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Saturday, January 28, 2012

Publication - Problems Writing Science Fiction

28 January 2012, Publication - Problems Writing Science Fiction
Introduction: I realized that I need to introduce this blog a little. I wrote the novel Aksinya: Enchantment and the Daemon. The working title was Daemon, and this was my 21st novel. Over the last year, I gave you the entire novel in installments that included commentary on the writing. In the commentary, in addition to other general information on writing, I explained, how the novel was constructed, the metaphors and symbols in it, the writing techniques and tricks I used, and the way I built the scenes. You can look back through this blog and read the entire novel.

I'm using this novel as an example of how I produce, market, and eventually (we hope) get a novel published. I'll keep you informed along the way.

Today's Blog: To see the steps in the publication process, go to my writing website and select "production schedule," you will be sent to

Here is the list of ideas for advertising--there are more and I'll add to the list as we go along.  I'm certainly not an expert in all these, but I've dabbled in all of them.  I'll try to relate my experience and the degree of that experience to you.

1.  Have a website for your novel.
2.  Write a blog.
3.  Advertise.
4.  Literary awards.
5.  Book cards.
6.  Contests.
7.  Interviews.
8.  Blog tours.
9.  Press releases.
10.  Speaking and teaching.
11.  e-mailing.
12.  Gifts.
13.  Book signings.
14.  Book trailers
15.  ...

It isn't just history that gets a short shrift in writing novels--science gets kicked to the curb even more often than history.  At least with history, even though it's totally screwed up, the world usually works according to logic and scientific principals.  With science fiction, you can't be sure of that.  The number of real scientists or engineers, that is people who actually know something about the science in science fiction is so low, you're lucky to get a battery hooked up correctly in a circuit.  In fact, the knowledge of science is so low among most nonscience graduates from prestigious colleges that you'll be lucky if they know how the seasons change much less the slightest inkling of orbital dynamics.  In fact, if they know what an orbit is, you'll be lucky--George Lucas doesn't seem to have the slightest idea what an orbit or space is like at all.  The Star Wars series is pure science fantasy and not anything close to science fiction.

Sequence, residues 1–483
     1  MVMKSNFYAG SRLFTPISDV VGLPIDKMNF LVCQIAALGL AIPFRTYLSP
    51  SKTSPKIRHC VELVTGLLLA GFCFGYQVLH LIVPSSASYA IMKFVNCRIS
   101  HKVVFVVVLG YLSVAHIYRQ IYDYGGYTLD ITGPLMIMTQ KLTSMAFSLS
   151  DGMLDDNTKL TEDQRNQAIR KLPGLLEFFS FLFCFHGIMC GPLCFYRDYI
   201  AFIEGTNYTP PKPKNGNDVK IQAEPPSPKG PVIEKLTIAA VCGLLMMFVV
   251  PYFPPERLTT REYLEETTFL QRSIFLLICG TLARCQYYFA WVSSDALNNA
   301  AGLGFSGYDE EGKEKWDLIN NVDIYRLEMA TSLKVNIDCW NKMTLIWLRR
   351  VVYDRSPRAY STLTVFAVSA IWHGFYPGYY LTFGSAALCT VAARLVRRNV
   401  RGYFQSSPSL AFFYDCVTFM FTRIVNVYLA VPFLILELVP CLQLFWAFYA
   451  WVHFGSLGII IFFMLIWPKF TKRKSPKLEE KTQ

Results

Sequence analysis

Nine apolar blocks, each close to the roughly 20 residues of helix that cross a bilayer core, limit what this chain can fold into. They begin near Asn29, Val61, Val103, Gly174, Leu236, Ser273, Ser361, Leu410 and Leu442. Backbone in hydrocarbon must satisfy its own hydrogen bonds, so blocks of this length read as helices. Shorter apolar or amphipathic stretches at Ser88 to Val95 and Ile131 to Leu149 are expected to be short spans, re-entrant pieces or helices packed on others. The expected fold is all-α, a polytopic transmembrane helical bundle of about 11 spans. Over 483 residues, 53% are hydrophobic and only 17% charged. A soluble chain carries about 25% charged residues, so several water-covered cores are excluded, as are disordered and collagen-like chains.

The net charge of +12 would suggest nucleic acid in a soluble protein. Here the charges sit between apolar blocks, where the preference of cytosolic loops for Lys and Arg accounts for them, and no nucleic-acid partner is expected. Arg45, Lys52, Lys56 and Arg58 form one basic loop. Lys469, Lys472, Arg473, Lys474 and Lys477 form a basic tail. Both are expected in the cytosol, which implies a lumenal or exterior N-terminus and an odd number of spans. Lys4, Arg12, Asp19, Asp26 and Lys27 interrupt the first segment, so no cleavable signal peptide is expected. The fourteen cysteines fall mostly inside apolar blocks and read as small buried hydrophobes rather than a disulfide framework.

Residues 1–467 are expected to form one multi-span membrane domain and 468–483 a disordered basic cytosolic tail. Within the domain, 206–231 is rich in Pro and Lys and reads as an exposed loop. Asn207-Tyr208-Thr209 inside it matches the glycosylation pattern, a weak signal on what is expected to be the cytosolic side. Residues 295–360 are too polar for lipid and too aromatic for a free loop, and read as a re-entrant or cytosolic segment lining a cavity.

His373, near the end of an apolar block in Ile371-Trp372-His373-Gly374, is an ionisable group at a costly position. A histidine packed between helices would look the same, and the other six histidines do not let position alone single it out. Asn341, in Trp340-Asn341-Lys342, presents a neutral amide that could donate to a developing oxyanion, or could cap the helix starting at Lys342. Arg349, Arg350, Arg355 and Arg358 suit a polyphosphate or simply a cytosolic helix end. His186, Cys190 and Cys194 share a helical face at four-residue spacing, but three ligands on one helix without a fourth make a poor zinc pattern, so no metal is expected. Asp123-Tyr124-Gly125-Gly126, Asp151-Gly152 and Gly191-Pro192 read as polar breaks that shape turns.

So, what can I tell you?  If you really want to write science fiction, you need to study science, and you aren't going to get that knowledge from most modern science fiction novels.  I write hard science fiction.  If you want to get an idea of what real science fiction is like, you need to read my novels.  My novels are based on my own work in aerospace.  My undergraduate is in Chemistry.  My graduate degree is in Mechanical Engineering.  My Ph.D. is in Aerospace Engineering.  I'm literally a rocket scientist (that's a joke).  My specialty is really in low speed and transonic aerodynamics.  I actually know something about science, and I write science fiction.

I don't believe you have to be a Ph.D. to write science fiction--it helps, but it's not necessary.  What is necessary is some real knowledge of science.  If you didn't get As in your science classes, and you don't understand what an integral is, don't even attempt to write science fiction until you really study it.  At least read my books and Asimov, Clark, or Heinlein.

I'll write more about science fiction and expertise tomorrow.

I'll repeat my published novel websites so you can see more examples:, and the individual novel websites:,,,,, and

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